Despite the sorrow and anger lurking in the cowardly corners of her mind, she wasn't unhappy with the task. It was strange, but wonderful, after so many years away from the clan, to once again have duties that contributed the well-being of "her people," rather than being merely the master's whore. No doubt it seemed odd to other people, too, since she'd been destined to fulfill the same role here.

Troi's teeth ground together as she tried to tamp down her resentment.

"Prastite?" Talgut asked. He thought he understood the question, but he wanted to be sure before he stepped in the wrong pile of shit.

"How does it work? Nivid and Argus-- they are part of one person, you said?"

Talgut continued to tear small bits off the hunk of leftover boar while he thought it over. Her question was still vague, but Troi knew only the most basic facts of the curse; anything he shared was sure to inform her. He wanted to say he was the wrong person to ask, but he'd already volunteered himself when he went to find her on the balcony. He'd taken his freedom for granted once they left the balcony, but apparently he'd been wrong. Inwardly, he sighed.

"I'm not certain I can provide much of an explanation, because I'm only a spectator, but... did you see how they looked?"

"Da?" Diffidence belied her answer.

"Both of them spent and sluggardly, like to nod off at any moment?"

Troi murmured her assent, recalling her similar thoughts that morning.

"Well," Talgut explained, "it's not their bodies that are worn. There's two men sharing one man's mind-- If both are awake, neither can concentrate worth a damn. Nivid don't talk much at the best of times, but you'll see Argus slow right down, soon as his brother rises. They try to split it even: Argus is up daytimes, and Nivid at night. When one of them sleeps, the other takes over his thinking ability and... his... I guess you'd call it strength or will-power."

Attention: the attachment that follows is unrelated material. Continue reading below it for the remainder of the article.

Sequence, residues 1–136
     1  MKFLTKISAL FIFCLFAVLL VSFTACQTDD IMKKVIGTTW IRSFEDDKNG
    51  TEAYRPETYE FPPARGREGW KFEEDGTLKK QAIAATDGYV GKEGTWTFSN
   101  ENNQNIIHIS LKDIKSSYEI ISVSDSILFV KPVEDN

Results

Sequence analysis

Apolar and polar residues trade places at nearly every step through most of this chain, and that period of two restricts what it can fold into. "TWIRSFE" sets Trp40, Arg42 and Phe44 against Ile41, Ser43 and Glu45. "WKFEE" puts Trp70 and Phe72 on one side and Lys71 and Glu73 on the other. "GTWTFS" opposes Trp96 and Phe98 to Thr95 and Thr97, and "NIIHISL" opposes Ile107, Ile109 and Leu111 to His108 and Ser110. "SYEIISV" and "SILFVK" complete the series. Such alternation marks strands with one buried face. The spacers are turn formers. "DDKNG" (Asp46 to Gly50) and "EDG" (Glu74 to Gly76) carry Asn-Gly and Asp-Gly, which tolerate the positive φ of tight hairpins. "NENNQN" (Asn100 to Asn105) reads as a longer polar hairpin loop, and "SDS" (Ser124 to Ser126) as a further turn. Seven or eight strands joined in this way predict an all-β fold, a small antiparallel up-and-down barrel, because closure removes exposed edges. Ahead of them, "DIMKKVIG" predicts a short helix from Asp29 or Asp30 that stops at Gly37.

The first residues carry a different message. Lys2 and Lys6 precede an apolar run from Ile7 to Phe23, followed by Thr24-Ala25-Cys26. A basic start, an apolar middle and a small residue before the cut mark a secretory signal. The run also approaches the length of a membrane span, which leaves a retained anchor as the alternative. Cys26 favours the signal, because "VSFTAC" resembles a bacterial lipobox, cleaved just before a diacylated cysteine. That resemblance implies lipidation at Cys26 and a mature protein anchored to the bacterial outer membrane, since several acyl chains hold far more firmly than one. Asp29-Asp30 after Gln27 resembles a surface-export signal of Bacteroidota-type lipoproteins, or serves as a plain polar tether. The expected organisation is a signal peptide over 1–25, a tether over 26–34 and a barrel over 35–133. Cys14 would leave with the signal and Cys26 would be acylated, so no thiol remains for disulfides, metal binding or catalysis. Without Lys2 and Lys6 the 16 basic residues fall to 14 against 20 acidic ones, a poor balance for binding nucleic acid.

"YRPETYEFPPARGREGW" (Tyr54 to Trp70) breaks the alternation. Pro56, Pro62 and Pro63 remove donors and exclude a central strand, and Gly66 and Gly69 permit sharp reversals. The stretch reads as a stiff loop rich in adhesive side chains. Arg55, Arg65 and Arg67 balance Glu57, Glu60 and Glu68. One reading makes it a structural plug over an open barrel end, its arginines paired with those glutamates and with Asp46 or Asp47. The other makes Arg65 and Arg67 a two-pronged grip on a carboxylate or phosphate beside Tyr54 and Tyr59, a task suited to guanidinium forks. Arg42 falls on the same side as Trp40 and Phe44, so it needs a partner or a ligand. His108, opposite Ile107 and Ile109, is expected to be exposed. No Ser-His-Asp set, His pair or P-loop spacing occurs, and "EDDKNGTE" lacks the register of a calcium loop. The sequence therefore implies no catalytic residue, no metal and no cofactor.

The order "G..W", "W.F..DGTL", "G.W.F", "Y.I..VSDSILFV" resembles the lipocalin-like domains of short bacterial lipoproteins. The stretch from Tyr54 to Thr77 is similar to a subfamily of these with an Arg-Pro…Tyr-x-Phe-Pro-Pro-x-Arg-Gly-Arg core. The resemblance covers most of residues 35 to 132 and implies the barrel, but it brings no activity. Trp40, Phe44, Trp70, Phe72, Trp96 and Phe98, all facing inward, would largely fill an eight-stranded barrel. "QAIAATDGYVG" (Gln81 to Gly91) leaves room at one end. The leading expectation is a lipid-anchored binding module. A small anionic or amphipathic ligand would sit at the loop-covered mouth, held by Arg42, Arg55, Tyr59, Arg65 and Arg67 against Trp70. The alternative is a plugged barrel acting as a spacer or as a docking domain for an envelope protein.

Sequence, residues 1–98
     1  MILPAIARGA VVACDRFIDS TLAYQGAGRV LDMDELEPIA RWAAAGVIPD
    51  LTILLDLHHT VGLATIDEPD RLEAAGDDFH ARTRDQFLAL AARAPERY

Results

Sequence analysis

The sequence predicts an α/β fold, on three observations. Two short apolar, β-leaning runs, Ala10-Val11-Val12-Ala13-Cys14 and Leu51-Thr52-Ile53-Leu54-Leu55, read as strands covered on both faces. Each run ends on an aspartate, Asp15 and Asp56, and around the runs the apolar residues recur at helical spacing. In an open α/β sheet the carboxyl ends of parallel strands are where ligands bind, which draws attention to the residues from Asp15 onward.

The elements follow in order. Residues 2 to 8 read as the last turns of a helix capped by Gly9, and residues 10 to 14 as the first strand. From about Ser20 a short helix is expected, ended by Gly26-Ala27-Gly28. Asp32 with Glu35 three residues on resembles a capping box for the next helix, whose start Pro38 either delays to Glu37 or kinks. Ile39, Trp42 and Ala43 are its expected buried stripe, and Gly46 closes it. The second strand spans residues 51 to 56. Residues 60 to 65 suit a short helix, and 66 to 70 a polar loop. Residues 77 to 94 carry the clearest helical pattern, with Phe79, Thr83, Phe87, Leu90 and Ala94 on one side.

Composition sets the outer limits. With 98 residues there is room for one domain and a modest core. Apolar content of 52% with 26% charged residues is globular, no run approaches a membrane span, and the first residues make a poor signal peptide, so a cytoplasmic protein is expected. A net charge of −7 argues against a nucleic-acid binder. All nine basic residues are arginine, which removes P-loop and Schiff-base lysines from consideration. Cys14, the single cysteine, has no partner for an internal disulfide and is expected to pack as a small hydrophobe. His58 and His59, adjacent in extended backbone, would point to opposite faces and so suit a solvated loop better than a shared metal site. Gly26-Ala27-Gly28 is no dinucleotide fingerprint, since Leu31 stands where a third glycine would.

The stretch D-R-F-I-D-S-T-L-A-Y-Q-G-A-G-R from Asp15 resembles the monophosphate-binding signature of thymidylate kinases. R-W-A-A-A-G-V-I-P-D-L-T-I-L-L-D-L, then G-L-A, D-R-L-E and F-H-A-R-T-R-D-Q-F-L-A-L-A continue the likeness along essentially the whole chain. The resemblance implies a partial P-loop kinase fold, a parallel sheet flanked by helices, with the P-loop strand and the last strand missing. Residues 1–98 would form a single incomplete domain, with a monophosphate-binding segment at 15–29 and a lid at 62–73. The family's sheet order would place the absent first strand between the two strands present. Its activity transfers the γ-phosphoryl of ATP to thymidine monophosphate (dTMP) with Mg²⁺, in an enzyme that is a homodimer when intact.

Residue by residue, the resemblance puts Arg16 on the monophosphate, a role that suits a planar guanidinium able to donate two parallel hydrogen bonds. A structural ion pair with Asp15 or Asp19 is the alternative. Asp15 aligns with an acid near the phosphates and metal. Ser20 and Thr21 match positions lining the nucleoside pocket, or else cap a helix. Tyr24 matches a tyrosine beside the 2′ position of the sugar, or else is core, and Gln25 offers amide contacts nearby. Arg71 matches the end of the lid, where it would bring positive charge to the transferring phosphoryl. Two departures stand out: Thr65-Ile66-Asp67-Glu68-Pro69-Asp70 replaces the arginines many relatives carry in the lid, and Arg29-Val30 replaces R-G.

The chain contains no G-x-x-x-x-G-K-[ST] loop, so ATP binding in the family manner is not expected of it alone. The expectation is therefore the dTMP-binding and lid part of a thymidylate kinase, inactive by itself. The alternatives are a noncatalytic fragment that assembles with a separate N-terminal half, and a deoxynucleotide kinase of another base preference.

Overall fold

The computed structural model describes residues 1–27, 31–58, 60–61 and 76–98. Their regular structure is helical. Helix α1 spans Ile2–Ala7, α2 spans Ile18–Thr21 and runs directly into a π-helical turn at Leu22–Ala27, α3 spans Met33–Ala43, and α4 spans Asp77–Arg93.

He paused, carefully constructing his next sentence.

"I don't know what happened on the cliff, Troitsa, but my guess is that Nivid wouldn't have been able to pull himself out of that rage he was in if Argus hadn't thrown everything he had at his brother."

Troi finished chopping the mushrooms and threw a bone in the stewpot with Talgut's shredded meat, then sent him to the root cellar while she started on the bread.

All the potatoes were washed and half their number quartered before Troi took up the conversation again. "Argus said he was locked in with Nivid, experiencing the same starvation, after their parents died. So..." She paused. "...one always knows what the other is doing?"

There was something in her voice that made Talgut's hands hover, unmoving, among the potatoes. "Well, one of them's usually sleeping, so... I'd think not."

They were quiet while he finished the potatoes, and when Talgut came back from filing the pot with water and fetching an armful of wood, Troi asked about his favorite foods, saying naught of her situation. He lingered while she finished her supper preparations, feeling ill-at-ease and as though he'd failed in some respect, though he couldn't work out how or why.

After a small midday meal, Troi reminded him of the tour he'd offered, and they went off to see the nooks and crannies of the castle, all the little secrets of Zamok Denova no one had thought to share with their busy Bashkir captive.